Hundreds of primary and high school students from around Queenstown are adding their own special touch to the multi-award-winning LUMA Southern Light Project.
The countdown is on to four evenings of illuminated art, light sculptures and entertainment in the Queenstown Gardens over Queen’s Birthday weekend (May 31 – June 3).
Community participation, collaboration and support is a key driver for organisers of the event – now in its fourth year and expected to attract over 50,000 people who brave winter nights to immerse themselves in the light and sound spectacular.
And for over 250 students whose work will be on display it’s the culmination of months of hard work and creative effort on their collaborative installations.
The person with the biggest job of all is Wakatipu High School (WHS) technology teacher and LUMA school liaison co-ordinator Rebecca Lund.
She has brought together students not only from WHS but from Queenstown, Remarkables and Shotover Country primary schools to work with the theme ‘Lanterns’.
With sustainability in mind though, the theme has a twist — students all have to use recycled materials.
Plenty of plumbing of all shapes and sizes (even sewage pipes) have been repurposed for the works, after students were tasked with finding plumbers, construction and project managers willing to donate materials for them to transform.
Media students at the high school have also been able to get involved again this year, introducing an element of sound to the school pieces encouraging people to interact with the artworks by finding sound-sensitive buttons to press in conjunction with the light elements.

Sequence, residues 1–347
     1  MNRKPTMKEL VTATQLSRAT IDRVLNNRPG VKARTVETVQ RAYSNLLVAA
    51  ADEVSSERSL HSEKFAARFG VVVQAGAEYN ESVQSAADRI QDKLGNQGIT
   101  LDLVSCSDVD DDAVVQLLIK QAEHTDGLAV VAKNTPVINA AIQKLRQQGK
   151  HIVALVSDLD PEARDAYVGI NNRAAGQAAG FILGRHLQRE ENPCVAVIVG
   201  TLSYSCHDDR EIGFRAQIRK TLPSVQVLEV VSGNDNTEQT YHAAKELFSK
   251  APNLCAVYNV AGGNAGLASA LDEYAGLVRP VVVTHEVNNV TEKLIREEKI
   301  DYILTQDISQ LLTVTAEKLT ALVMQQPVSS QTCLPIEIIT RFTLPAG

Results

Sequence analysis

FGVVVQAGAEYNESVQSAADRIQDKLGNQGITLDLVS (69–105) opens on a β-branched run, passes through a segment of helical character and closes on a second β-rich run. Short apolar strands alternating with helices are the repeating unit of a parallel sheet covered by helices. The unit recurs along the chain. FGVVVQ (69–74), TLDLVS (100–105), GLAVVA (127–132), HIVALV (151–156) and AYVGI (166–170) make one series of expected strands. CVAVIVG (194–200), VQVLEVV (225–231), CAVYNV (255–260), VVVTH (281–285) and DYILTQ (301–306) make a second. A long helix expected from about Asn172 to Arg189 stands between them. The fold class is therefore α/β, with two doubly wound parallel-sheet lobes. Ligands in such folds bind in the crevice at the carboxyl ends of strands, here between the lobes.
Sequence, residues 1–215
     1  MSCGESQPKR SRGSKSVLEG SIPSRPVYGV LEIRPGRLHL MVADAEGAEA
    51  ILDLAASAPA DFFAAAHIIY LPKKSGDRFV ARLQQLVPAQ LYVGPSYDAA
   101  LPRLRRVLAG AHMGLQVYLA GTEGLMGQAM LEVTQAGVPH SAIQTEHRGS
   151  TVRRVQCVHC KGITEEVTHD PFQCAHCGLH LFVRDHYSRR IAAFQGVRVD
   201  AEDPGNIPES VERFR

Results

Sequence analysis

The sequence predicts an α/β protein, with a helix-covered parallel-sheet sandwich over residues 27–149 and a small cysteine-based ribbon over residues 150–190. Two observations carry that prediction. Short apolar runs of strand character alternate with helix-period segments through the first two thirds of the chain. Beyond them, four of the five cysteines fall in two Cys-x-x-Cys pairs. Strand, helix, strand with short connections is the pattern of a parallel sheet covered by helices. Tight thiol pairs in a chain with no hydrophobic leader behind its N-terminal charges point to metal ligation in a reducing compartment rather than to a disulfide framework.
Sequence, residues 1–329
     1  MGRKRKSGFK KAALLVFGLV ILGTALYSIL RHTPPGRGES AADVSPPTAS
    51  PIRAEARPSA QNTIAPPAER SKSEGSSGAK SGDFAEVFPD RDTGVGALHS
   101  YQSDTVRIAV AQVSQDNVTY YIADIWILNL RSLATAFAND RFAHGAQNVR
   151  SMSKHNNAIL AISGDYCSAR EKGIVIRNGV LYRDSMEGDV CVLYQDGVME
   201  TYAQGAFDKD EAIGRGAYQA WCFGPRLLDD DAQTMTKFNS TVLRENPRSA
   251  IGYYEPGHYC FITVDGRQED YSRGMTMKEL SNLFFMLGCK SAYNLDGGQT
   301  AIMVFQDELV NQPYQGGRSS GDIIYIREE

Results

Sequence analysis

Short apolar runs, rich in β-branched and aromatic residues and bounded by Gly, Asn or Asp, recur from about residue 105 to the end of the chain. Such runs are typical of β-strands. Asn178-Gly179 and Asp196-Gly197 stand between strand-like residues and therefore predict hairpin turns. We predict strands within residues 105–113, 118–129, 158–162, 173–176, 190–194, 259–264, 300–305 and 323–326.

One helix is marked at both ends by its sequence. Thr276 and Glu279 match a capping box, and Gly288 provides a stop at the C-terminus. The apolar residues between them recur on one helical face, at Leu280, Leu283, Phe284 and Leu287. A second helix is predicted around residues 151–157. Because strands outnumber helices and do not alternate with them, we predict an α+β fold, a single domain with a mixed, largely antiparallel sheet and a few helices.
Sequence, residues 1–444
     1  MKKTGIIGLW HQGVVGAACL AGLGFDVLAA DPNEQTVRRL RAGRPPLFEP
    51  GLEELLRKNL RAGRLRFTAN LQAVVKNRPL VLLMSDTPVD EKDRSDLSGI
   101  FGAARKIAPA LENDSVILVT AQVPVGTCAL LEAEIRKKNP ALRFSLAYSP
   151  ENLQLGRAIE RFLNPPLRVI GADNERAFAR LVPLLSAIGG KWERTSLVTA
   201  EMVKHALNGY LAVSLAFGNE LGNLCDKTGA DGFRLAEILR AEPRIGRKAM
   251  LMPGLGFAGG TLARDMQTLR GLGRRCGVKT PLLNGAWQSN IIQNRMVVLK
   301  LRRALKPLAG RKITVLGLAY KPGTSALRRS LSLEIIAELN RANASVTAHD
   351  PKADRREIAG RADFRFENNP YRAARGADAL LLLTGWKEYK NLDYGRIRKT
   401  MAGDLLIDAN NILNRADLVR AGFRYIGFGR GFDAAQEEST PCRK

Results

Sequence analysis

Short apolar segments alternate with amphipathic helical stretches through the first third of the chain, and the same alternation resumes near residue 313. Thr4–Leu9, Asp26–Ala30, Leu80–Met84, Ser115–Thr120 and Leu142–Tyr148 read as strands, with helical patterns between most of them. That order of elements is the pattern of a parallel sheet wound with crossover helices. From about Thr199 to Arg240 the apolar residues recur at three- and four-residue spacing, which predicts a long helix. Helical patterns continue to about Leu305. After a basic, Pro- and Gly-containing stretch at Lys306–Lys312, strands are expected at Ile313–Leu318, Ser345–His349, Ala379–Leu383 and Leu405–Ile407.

“The students are as excited as they can be because they’re presenting their work not just to our schools’ community but to thousands more visitors and locals at LUMA,” says Rebecca.
“Because of the ‘soundscape’ element of the installation it’s meant we can be more cross-curricular than ever before, involving more than 70 students from the high school alone.”
For the first time the WHS Art Department has dedicated a Scheme of Work to the LUMA project and created a ‘cityscape’ using clay. Under the watchful eye of teacher Abbey Brown, students have learned how to handle, bisque fire and glaze clay structures.
“I sometimes wonder why I sign up for this year after year, but when I see the end result and how proud students and their families are, it’s all worth it,” says Rebecca.
Over the past two months, LUMA director Simon Holden has been coming into schools to give authentic stakeholder feedback on student ideas and concepts.
“Students have found that pretty challenging but have accepted the challenge,” says Rebecca. “It’s a valuable lesson for them to learn that this is the way things happen out in the real world. I really value the fact that this is an amazing authentic project.
“It has actual stakeholders that students have to listen to and adapt their work accordingly depending on feedback.”
Another ‘first’ for WHS students is the chance to help in the set-up of their works, working on site with technicians to install their creations before the crowds arrive.
LUMA Light Festival Trust chairman Duncan Forsyth says the level of involvement from local schools is a key element of community initiatives and engagement, aligning with the Trust’s core values.
“These students work so hard each year and we’re as thrilled as they are to see their work literally come to life over the LUMA weekend,” he says.
LUMA Southern Light Project and the LUMA Light Festival Trust are very proudly supported by the Central Lakes Trust, the Queenstown Lakes District Council and Queenstown law firm Anderson Lloyd.